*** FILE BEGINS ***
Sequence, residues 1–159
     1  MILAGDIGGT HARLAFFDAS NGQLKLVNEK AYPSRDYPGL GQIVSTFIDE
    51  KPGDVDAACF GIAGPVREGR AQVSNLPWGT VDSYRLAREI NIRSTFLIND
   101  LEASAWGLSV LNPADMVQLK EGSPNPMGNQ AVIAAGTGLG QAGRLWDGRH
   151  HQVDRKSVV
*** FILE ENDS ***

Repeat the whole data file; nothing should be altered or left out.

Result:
Sequence, residues 1–159
     1  MILAGDIGGT HARLAFFDAS NGQLKLVNEK AYPSRDYPGL GQIVSTFIDE
    51  KPGDVDAACF GIAGPVREGR AQVSNLPWGT VDSYRLAREI NIRSTFLIND
   101  LEASAWGLSV LNPADMVQLK EGSPNPMGNQ AVIAAGTGLG QAGRLWDGRH
   151  HQVDRKSVV